I tried recently to explain how it is not one or the other: SQL, NoSQL once again is not the question, the choice to be made. But instead, it is the the underlying issues which has to be understood and used to drive your choice.

  • Ability to scale

If you’re application can’t serve any longer its users, whatever how good and smart it used to work it is no longer working ….. So scaling, trough the techniques  of clustering,sharding and distributed process had become a must. One requirement that few RDBMS have been able to implement. Obviously the historical reasons, the old ways, are responsible: traditionally the SQL database was running on a single machine (one single big server with the biggest cpu available and all the RAM you could have afford). Before scaling solutions were made available, performance issue tried to be solved using cache techniques(memcached was created in 2003) but is all the same problem, if your application and service stop to serve its users it is game over.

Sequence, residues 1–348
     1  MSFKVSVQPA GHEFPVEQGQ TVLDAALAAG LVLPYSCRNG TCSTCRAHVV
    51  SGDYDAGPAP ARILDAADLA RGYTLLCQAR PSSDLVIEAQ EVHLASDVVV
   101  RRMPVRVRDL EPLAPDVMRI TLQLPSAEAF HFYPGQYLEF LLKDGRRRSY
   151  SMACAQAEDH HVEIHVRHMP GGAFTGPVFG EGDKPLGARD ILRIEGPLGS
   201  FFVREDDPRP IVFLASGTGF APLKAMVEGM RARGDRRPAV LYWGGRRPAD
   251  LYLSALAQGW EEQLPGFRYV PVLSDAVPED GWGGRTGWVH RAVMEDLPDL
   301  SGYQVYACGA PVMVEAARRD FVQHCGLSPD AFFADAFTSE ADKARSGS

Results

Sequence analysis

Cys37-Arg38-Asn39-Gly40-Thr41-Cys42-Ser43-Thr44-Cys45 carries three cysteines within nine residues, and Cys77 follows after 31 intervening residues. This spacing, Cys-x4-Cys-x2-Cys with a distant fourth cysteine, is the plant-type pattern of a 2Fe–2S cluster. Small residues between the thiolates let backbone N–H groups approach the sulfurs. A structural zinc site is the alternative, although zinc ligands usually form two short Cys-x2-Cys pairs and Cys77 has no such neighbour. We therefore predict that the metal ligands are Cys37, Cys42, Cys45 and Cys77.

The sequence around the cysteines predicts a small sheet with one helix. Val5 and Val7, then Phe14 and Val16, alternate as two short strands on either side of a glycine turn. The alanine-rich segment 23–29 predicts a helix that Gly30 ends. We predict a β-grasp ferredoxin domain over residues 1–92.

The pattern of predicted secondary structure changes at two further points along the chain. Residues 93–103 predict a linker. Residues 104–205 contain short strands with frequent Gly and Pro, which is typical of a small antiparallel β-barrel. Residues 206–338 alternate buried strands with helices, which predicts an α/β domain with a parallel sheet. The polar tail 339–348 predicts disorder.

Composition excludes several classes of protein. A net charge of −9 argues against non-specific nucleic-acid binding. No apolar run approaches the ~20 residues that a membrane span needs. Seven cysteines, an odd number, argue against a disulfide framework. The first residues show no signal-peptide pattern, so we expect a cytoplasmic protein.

• ACID – transactional database

Most application does not need to support transaction, the ability  for a single process to perform multiple data-manipulation and finally enforce this set of operations or cancel them all, at any step, those rolling back to the initial data situation(before your program starts). Such feature, is available for all programs(and related instance) accessing a database concurrently. Such magic and complex set of features ensure to provide so called consistency and integrity. As I said, most application does not need to support transaction. Most NoSQL databases are non-ACID and does not support transaction.

  • Data model